Alyse Whitney (a former Associate Editor) also disclosed that Duckor disregarded her appeal for more racial diversity in videos. At this point, an increasingly definitive image of BA leadership can be recognised: one that avoids real inclusivity and commits instead to tokenism, and one that does not take racial injustices seriously enough.

Additional criticism of Bon Appétit chefs and editors supports this view. Amanda Shapiro and Andy Baraghani, both senior editors, have been accused of abusing their power based on personal views. An email sent by Carla Lalli Music, Food Editor at Large, to specific staff has been widely criticised in the context of a racially unequal work environment that features pay inequality and preferential treatment. Alex Delany, Drinks Editor, has had old social media posts resurface, revealing sexist and racist views, usage of a homophobic slur, and an image of a cake featuring the Confederate Flag.

It’s true that cancel culture appears to create the opportunity for smear tactics, but where should we draw the line between such cases and those involving real harm as the result of intolerant perspectives? Moreover, if we rationalise that one problematic instance is not as awful as another, the standard for conduct “bad enough” to warrant action becomes increasingly unclear. How we should hold people accountable is certainly up for debate. Resignation removes toxic people in power, but it doesn’t directly improve the system in the long term. Apologies are helpful only if they are coupled with a commitment to active reform.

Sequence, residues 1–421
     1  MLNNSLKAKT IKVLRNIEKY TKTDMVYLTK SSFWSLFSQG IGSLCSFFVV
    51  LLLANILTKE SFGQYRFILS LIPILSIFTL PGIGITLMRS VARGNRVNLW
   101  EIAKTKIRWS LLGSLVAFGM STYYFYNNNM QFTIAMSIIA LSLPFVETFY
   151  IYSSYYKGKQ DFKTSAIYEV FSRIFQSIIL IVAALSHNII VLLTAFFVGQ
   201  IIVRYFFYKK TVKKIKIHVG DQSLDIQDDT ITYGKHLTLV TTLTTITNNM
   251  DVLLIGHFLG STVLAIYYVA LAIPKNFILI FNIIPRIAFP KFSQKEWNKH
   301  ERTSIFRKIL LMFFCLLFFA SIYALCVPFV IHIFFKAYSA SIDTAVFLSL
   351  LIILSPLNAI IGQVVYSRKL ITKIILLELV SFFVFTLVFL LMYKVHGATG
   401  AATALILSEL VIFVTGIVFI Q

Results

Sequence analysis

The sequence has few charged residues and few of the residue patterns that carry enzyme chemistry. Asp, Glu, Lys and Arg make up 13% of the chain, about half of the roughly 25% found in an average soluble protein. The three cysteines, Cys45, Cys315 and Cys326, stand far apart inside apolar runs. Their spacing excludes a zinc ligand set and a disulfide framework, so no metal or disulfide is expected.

Delany and Carla Lalli Music have since apologised. Undoubtedly, people can change and grow, but it is tricky to determine if such change is genuine. Perhaps the best way to atone for past behaviour is to actively enact change even before you are called out. Both Delany and Lalli Music amplified the Black Lives Matter movement in the weeks leading up to the scandals – at the very least, it’s evident they seem to have changed, and have used their platforms for justice.

As events continue to unfold, and more instances of questionable behaviour are exposed, the main message we should take away is this: food is political. This must be acknowledged and taken into account. All of these scandals at Bon Appétit are symptomatic of much wider problems in the food industry. People of colour – chefs, writers, editors, photographers, producers, and more – are not being compensated equally for their work, and are often subject to microaggressions in the workplace. Empty promises to strive for change do not suffice. All of these examples of tokenism, stereotyping, and targeting necessitate real action. Companies must commit to an inclusive and non-discriminatory future by replacing toxic leadership and paying BIPOC staff the same amount as white staff for the same work.

Karen Ng profile photo
Editor in Chief of The King's Poet | [email protected]

Karen is a journalist based in Hong Kong, London and New York City. She is a third year Liberal Arts student at King's College London, majoring in English and also studying Politics, Philosophy, Classics, Digital Culture, French, History and creative writing. She is a poet, photographer and musician, and is passionate about reporting on and discussing local issues and culture. Karen will begin her Master's degree in journalism at Columbia University this year.